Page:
In my previous article I wrote about the reasons I think all the hate directed at the GNOME developers from distro maintainers and users is unjustified, and how the perception of GNOME, the way people are treating them, is distorted and unfair. But that blog post was primarily a response to the "moral" (or at least morality-adjacent) arguments people made — that what GNOME is doing is somehow inherently evil, or wrong, or abusive, or that downstreams or users are entitled to GNOME's obedience. There's a whole other world of GNOME-hating out there, though, that has more to do with its design. There's this belief, even somewhat reflected in Strobl's blog post1 about unrelated issues, that GNOME is simply badly designed, suboptimal for desktop work, or even inferior.

I don't believe this is true.

Myself and many other (especially disabled and neurodivergent) users find GNOME's design philosophy of opinionated minimalism to be immensely refreshing — to the point that, if GNOME didn't exist anymore, I would find it significantly less pleasant to use computers at all. Moreover, I don't think the proposition that GNOME is in any way designed more for mobile use than desktop use is fair to it at all — in fact, I think that position is generally born from ignorance, from a superficial understanding of the intended GNOME workflow. That workflow may not be for you, but there is real logic behind it. So, in the following blog post, I'm going to discuss and defend each of the major things people tend to complain about with GNOME:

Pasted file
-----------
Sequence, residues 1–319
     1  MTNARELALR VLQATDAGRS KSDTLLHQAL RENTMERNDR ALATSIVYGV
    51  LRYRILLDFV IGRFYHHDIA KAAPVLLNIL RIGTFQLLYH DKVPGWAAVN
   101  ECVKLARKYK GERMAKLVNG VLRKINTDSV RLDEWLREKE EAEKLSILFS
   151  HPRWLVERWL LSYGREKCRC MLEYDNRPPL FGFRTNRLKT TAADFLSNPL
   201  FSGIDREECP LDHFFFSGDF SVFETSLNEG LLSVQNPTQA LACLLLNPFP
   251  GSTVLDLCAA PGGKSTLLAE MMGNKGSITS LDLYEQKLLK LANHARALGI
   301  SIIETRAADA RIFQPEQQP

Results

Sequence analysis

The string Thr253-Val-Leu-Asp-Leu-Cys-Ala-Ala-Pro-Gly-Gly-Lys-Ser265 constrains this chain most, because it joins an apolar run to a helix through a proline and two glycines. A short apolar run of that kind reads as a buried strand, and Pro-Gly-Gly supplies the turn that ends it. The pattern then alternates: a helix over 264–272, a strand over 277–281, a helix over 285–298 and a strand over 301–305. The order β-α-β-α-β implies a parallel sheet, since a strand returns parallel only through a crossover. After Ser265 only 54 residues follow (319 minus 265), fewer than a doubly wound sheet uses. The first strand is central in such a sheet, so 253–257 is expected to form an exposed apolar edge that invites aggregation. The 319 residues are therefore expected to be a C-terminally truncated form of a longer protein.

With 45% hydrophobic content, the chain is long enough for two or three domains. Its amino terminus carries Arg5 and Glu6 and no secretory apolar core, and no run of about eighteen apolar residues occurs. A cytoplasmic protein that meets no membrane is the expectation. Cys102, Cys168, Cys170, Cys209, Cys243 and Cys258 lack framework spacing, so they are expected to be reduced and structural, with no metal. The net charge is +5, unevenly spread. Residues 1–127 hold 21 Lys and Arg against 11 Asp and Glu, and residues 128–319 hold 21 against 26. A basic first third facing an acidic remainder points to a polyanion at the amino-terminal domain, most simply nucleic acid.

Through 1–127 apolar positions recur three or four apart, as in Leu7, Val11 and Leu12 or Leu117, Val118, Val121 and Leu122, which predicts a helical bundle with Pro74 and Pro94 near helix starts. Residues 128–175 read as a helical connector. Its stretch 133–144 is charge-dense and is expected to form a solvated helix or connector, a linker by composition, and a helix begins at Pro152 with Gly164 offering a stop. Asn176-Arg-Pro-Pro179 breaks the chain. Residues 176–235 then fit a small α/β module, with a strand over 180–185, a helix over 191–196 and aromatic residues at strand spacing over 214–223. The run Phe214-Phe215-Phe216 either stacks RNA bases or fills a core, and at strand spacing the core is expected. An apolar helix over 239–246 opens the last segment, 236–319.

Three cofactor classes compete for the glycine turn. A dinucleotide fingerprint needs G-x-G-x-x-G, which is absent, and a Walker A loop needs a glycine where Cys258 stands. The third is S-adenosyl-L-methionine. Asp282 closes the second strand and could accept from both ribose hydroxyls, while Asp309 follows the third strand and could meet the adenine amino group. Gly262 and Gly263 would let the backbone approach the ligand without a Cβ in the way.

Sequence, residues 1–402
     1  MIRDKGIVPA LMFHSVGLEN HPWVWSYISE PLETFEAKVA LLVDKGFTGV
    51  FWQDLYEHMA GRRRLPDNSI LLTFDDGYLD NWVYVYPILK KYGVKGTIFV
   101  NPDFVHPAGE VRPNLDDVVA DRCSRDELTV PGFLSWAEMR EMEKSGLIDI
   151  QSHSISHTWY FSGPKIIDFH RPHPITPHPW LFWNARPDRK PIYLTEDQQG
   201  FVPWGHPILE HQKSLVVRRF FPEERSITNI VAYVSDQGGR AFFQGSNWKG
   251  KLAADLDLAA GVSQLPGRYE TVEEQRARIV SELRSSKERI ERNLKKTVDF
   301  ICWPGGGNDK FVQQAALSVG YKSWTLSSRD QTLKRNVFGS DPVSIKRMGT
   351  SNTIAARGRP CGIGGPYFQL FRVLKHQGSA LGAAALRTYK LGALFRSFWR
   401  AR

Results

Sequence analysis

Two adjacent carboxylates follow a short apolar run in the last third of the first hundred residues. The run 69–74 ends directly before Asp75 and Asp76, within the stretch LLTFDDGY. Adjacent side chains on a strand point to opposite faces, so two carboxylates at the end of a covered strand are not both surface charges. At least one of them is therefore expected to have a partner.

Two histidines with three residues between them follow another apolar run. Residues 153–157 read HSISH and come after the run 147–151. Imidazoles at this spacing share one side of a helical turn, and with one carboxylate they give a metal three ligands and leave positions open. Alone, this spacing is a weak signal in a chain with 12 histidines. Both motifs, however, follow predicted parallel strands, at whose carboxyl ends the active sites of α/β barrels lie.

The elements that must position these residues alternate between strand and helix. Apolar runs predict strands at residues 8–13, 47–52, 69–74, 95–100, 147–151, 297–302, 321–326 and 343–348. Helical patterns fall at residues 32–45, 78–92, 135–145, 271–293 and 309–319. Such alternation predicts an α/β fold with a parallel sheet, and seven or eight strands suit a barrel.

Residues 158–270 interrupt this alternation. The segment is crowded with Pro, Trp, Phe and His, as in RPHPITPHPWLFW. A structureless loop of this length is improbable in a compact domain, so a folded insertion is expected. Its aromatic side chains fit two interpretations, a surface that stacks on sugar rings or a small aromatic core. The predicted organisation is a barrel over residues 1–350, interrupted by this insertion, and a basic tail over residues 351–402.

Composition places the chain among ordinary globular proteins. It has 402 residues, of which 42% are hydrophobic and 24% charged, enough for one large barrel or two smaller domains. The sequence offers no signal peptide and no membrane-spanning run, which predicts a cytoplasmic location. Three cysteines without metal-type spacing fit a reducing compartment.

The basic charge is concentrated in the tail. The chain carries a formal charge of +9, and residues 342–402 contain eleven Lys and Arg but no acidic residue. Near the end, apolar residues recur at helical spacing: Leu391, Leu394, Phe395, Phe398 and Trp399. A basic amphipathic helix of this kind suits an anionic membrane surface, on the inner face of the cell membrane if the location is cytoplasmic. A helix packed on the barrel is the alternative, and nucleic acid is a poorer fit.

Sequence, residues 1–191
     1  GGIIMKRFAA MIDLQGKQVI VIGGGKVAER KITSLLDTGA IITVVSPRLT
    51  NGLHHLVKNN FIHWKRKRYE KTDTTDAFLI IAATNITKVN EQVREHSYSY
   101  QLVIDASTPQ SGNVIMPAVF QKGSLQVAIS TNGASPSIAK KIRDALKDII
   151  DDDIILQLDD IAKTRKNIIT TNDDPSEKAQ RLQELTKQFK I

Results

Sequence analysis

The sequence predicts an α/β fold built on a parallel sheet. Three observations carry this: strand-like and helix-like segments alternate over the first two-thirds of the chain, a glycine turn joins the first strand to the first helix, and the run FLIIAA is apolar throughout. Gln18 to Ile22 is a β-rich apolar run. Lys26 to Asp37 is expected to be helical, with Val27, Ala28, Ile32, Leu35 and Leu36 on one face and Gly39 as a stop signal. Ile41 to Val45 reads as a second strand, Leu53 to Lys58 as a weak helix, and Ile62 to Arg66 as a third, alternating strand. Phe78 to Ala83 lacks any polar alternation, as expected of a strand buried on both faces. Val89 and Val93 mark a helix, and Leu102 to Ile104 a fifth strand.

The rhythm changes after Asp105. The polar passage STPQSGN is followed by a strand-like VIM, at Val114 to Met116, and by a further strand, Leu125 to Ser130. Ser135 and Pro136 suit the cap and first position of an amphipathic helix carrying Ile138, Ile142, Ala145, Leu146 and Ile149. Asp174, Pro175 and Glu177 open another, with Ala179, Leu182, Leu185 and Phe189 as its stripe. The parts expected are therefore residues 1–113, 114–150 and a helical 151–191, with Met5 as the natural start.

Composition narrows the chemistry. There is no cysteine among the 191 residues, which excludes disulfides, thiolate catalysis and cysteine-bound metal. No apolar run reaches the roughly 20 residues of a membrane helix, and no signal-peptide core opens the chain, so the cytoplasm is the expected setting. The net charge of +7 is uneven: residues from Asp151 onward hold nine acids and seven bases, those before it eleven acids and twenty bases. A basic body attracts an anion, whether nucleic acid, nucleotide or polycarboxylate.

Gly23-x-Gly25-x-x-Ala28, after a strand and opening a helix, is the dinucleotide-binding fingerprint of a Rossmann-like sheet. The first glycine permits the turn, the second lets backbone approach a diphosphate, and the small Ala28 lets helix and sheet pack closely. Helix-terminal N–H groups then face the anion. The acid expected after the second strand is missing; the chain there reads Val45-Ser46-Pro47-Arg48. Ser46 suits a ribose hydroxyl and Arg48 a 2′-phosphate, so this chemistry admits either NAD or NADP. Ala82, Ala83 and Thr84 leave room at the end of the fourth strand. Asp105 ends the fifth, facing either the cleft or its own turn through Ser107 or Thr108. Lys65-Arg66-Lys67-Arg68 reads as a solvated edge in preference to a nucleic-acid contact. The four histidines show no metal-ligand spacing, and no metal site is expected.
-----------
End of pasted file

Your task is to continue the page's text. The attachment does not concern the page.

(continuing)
1. the lack of customizability
  2. the lack of "power user" features
  3. the idea that GNOME is somehow a "mobile-first" interface, somehow sub-optimal or unsuited for the desktop.